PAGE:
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The Living Daylights

Plenty of old, not much blue, and for official release #15, Bond is new.

While not as sly as Roger Moore and not as suave as Sean Connery – who each starred in seven Bond films – the slightly dour Timothy Dalton is nonetheless dashing and debonair as the new 007. This dynamite-paced adventure pairs the sexy spy with a beautiful Bratislav blonde virtuoso, a lovely but rather apathetic Maryam d’Abo. Her unique advantage: she’s a cello player-cum-amateur assassin. Together, they fight Communists, greed, evil, and a long list of foes not to Her Majesty’s Secret Service liking. As a much younger James Bond, Dalton is intense, but not nearly as charming as his predecessors. Yet he is still equipped with limitless tuxedos and daring – both, definitely necessary. The plot is thin; but by 1987, with multiple Star Trek and Star Wars releases and special effects ruling the box office, who goes to see these for plot anyway? Diamonds, double-agents (a delightful John Rhys-Davies), and top-secret double-talk abound. Even more dated, 007 still smokes! And equally death defying: James Bond disregards a direct order.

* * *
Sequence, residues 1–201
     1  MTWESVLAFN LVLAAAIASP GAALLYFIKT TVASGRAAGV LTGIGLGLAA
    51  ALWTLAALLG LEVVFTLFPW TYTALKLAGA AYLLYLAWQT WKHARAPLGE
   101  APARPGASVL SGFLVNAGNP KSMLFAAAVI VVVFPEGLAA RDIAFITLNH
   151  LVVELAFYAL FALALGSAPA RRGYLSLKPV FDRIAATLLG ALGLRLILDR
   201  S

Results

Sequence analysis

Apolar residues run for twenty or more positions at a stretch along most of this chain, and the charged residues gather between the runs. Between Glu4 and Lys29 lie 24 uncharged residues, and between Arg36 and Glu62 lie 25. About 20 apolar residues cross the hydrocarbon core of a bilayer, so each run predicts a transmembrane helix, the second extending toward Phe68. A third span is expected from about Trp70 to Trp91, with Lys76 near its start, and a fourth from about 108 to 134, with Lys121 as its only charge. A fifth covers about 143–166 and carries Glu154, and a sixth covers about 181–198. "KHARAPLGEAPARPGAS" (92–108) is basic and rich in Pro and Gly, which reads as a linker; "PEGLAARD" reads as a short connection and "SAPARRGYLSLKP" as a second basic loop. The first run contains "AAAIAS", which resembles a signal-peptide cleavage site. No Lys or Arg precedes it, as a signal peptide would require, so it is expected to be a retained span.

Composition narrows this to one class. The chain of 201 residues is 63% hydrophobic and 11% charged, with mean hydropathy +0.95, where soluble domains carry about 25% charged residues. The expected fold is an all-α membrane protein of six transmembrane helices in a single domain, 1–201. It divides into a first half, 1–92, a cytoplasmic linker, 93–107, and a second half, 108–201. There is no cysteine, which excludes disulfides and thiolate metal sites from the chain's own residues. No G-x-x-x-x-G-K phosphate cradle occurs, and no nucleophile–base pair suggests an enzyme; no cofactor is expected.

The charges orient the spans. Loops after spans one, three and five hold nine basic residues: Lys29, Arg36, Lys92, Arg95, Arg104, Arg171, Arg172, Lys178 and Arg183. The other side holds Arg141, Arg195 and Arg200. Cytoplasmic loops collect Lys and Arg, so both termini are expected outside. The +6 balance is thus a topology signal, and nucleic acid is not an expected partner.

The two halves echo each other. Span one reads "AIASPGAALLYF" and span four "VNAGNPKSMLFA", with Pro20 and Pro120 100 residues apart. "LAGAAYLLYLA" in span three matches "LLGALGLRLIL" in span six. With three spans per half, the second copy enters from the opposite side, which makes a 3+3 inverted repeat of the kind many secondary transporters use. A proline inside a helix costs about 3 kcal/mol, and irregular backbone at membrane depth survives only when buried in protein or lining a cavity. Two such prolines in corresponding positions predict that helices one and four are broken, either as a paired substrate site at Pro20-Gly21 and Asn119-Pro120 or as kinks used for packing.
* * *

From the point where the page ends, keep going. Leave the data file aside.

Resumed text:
Looking back, the story, for the most part, is sadly timeless. It seems Bond’s alluring ally and a tremendous shipment of raw opium — estimated to be worth half a billion dollars on the streets then, just imagine what it would command today! — have both fallen into the hands of a group of sinister smugglers. Sent to Morocco to intercept the stash and save his easily deceived damsel in distress, Dalton lives up to his role via the traditional wit, weapons, and sheer luck.

A pre-technology thriller, Daylights showcases a scenic Austria and focuses on the ever-risqué realm of money, mystery and mayhem. And after a quarter century, some real-world elements remain today: war in Afghanistan, out-of-control rebel forces, a bustling, global opium operation, and most prevalent: the booming illegal arms trade. What’s different: no more Czechoslovakia. Also a novelty: dangerous, covert defections by a KGB leader (a superb and engaging Jeroen Krabbé). He, along with multiple international forces, is hustled and smiled at by an extremely entertaining American arms dealer: Joe Don Baker, who goes on to star in two future Bond outings.

Like two previous Bond films: Daylights features an observant, colorful ?toucan; this too, is soon replaced by high-tech gadgetry. The fights and special effects appear quaint, but are captivating and non-stop. And reliably, they help this new James Bond leave one pleasantly shaken, though not stirred.

by Caren Ostrow

Timothy Dalton James Bond
Maryam d’Abo Kara Milovy
Jeroen Krabbé General Georgi Koskov

Director: John Glen

Next up in the ‘James Bond Originals’ series at The Colony: License to Kill.